Governor Edmund G. Brown Jr. today signed SB 606 by Senator Robert Hertzberg (D-Van Nuys) and AB 1668 by Assemblymember Laura Friedman (D-Glendale) to help the state better prepare for droughts and climate change by establishing statewide water efficiency standards.
“In preparation for the next drought and our changing environment, we must use our precious resources wisely. We have efficiency goals for energy and cars – and now we have them for water,” said Governor Brown.
SB 606 and AB 1668 establish guidelines for efficient water use and a framework for the implementation and oversight of the new standards, which must be in place by 2022. The two bills strengthen the state’s water resiliency in the face of future droughts with provisions that include:
Establishing an indoor, per person water use goal of 55 gallons per day until 2025, 52.5 gallons from 2025 to 2030 and 50 gallons beginning in 2030.
Creating incentives for water suppliers to recycle water.
Requiring both urban and agricultural water suppliers to set annual water budgets and prepare for drought.
“This is another important step in the Legislature’s focused effort to reengineer water policy away from crisis management and toward a 21st century approach. I want to thank the Governor and his staff for their creative vision, and my colleagues in both houses for their hard work to bring this across the finish line,” said Senator Hertzberg.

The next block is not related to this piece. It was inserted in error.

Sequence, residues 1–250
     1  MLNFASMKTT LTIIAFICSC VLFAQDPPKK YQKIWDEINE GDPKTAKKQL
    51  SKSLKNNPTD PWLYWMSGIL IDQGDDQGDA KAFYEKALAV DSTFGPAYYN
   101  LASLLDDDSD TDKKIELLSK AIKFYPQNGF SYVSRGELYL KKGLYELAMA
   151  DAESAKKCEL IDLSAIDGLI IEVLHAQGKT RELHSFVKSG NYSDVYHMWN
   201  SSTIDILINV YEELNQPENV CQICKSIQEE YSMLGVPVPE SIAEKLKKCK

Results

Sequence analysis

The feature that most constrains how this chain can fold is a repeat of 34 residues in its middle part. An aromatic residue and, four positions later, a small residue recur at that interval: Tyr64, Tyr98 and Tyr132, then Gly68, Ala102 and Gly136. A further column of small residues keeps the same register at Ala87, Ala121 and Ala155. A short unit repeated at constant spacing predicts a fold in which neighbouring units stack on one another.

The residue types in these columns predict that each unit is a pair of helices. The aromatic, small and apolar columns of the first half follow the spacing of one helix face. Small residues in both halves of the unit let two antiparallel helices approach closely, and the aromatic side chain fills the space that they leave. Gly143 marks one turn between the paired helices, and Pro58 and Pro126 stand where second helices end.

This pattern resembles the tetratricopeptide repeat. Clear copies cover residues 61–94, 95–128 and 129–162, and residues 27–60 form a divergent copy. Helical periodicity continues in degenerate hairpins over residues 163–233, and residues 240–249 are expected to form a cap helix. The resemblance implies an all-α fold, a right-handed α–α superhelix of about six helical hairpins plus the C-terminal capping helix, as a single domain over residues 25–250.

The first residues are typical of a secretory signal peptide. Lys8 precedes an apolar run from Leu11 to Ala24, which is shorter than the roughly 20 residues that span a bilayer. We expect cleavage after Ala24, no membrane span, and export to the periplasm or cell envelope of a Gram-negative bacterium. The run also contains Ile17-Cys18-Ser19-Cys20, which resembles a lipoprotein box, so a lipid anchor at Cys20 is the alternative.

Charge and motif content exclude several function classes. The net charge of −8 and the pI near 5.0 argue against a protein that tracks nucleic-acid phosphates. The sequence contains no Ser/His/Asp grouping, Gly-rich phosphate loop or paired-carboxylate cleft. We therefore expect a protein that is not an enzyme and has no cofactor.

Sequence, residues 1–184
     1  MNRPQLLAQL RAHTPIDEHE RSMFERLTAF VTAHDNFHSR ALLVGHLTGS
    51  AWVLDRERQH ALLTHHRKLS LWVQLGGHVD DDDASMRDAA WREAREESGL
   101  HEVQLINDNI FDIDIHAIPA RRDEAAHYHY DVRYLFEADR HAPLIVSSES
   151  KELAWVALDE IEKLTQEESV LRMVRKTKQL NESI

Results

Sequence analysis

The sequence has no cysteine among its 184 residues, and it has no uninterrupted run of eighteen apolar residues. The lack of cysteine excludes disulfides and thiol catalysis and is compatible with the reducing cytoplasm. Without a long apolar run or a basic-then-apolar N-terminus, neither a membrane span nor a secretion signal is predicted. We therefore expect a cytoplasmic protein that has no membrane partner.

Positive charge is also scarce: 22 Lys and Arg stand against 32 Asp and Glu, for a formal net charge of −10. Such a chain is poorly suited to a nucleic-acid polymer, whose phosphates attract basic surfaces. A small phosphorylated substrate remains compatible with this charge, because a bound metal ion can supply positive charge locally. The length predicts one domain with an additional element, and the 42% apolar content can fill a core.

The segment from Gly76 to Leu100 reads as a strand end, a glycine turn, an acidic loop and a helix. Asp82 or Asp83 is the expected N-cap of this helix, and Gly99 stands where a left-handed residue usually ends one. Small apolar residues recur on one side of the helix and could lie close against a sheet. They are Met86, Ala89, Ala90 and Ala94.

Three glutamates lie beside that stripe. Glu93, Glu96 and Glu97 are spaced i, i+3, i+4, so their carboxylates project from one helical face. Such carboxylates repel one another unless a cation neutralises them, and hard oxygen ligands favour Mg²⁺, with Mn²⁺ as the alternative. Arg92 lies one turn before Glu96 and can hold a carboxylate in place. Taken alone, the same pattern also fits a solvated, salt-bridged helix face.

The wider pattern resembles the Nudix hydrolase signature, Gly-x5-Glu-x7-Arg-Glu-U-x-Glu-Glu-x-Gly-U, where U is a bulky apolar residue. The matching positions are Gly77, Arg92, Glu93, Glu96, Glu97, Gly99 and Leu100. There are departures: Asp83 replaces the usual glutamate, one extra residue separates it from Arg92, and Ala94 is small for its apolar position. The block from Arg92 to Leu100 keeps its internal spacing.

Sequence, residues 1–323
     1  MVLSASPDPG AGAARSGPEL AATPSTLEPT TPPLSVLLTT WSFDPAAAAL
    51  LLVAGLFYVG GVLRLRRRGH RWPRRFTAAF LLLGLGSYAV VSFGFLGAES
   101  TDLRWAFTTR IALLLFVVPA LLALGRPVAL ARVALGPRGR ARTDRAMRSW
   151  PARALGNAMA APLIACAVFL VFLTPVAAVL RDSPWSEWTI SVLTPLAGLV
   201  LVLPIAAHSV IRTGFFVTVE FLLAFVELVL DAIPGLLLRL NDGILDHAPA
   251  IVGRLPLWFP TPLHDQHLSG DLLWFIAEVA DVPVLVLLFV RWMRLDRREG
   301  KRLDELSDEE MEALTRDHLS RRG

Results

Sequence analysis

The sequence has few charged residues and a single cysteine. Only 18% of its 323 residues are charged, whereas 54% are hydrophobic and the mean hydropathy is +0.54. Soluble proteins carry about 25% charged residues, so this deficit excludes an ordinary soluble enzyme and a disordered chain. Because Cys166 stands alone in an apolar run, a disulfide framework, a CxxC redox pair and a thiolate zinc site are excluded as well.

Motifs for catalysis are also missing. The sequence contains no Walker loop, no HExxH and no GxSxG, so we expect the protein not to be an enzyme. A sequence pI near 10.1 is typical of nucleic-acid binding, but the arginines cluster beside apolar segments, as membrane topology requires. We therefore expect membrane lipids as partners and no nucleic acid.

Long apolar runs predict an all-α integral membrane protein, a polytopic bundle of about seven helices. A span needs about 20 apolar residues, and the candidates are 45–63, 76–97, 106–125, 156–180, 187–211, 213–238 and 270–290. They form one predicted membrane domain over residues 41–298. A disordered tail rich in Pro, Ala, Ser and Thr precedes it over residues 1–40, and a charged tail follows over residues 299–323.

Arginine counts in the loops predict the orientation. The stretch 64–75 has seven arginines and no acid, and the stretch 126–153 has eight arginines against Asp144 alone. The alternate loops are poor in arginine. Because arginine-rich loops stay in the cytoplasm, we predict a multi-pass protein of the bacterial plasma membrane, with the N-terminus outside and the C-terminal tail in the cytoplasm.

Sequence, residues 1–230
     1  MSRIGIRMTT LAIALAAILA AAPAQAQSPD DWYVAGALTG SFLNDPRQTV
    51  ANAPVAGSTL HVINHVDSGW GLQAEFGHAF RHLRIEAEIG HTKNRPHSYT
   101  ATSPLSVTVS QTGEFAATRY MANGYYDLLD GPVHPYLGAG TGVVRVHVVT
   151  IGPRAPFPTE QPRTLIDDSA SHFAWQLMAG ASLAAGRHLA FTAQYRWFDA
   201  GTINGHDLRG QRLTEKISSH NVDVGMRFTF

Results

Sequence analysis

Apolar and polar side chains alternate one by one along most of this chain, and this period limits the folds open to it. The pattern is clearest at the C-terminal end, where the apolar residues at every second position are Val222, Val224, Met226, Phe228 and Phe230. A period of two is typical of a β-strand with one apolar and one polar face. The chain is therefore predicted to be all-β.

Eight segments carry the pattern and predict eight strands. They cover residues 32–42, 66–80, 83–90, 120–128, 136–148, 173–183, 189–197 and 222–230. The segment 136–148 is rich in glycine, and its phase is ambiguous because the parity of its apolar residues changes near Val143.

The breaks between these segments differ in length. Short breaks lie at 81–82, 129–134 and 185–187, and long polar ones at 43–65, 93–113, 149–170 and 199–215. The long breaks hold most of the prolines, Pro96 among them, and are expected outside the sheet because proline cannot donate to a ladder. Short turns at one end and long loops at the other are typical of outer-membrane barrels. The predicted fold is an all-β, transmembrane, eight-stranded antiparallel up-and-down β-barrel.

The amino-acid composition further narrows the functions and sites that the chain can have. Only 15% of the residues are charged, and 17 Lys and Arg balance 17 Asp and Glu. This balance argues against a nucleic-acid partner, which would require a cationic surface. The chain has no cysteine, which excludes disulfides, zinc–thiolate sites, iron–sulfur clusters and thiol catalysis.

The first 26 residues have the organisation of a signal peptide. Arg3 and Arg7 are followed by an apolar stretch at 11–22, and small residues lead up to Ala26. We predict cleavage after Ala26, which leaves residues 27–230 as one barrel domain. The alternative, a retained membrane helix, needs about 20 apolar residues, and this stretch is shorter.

“Governor Brown challenged every Californian to embrace water efficiency during the drought, and with his signature on AB 1668, we’ll have the state working collaboratively with local governments and urban water suppliers to put in place water efficiency standards that will help every community focus on sustainability. It’s a balanced approach that puts efficiency first and gives water agencies the flexibility to embrace innovation and tailor their policies to meet the unique needs of their community,” said Assemblymember Friedman.
Today’s legislative action builds on Governor Brown’s ongoing efforts to make water conservation a way of life in California. The state responded to the most recent drought with emergency actions and investments and the advancement of the California Water Action Plan, the Administration’s five-year blueprint for more reliable, resilient water systems to prepare for climate change and population growth.